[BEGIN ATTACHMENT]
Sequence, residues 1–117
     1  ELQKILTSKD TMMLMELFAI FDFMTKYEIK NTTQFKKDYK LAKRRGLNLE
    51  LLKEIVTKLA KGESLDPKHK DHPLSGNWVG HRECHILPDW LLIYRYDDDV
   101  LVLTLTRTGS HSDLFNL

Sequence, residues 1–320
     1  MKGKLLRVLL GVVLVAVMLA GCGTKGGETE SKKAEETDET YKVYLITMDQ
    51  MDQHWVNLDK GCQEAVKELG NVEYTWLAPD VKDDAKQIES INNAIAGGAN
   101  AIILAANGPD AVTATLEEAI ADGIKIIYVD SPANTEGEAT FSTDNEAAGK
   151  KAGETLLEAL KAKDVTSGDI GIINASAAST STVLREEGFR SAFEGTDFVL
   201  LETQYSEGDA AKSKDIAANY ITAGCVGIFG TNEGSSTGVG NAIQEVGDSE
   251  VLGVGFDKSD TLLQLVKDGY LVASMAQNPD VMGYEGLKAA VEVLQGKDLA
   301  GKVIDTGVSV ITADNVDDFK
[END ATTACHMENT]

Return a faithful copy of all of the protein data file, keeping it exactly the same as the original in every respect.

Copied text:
Sequence, residues 1–117
     1  ELQKILTSKD TMMLMELFAI FDFMTKYEIK NTTQFKKDYK LAKRRGLNLE
    51  LLKEIVTKLA KGESLDPKHK DHPLSGNWVG HRECHILPDW LLIYRYDDDV
   101  LVLTLTRTGS HSDLFNL

Sequence, residues 1–320
     1  MKGKLLRVLL GVVLVAVMLA GCGTKGGETE SKKAEETDET YKVYLITMDQ
    51  MDQHWVNLDK GCQEAVKELG NVEYTWLAPD VKDDAKQIES INNAIAGGAN
   101  AIILAANGPD AVTATLEEAI ADGIKIIYVD SPANTEGEAT FSTDNEAAGK
   151  KAGETLLEAL KAKDVTSGDI GIINASAAST STVLREEGFR SAFEGTDFVL
   201  LETQYSEGDA AKSKDIAANY ITAGCVGIFG TNEGSSTGVG NAIQEVGDSE
   251  VLGVGFDKSD TLLQLVKDGY LVASMAQNPD VMGYEGLKAA VEVLQGKDLA
   301  GKVIDTGVSV ITADNVDDFK